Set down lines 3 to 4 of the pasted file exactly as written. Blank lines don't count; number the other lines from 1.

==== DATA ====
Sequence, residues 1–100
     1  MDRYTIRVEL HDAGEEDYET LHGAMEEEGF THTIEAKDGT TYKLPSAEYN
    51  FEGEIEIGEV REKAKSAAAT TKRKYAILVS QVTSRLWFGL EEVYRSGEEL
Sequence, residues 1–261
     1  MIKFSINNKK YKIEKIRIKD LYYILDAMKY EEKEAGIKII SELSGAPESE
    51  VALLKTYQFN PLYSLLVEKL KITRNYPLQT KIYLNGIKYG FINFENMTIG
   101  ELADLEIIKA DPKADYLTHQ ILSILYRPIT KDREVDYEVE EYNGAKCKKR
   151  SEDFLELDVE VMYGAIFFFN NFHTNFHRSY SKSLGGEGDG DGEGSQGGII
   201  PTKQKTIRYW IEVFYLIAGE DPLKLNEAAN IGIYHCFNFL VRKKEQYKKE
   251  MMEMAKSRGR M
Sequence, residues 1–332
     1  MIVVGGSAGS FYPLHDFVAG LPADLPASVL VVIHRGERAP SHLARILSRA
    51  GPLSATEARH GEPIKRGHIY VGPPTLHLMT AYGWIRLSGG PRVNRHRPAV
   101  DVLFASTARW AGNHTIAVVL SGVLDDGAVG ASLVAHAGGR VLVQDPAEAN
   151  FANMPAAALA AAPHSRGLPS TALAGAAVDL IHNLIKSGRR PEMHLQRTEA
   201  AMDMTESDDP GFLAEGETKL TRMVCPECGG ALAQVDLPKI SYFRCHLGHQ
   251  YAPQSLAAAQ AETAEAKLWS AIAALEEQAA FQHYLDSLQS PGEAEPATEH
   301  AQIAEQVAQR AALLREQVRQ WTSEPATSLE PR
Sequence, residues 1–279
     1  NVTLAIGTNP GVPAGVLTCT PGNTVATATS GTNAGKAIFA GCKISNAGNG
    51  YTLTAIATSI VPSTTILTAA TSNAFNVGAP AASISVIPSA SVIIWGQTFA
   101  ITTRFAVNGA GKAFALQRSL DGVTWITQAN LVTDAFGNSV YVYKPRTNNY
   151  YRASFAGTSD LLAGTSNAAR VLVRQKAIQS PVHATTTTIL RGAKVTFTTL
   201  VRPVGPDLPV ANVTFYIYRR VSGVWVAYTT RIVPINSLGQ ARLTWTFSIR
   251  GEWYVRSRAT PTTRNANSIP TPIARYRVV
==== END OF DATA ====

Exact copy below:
    51  FEGEIEIGEV REKAKSAAAT TKRKYAILVS QVTSRLWFGL EEVYRSGEEL
Sequence, residues 1–261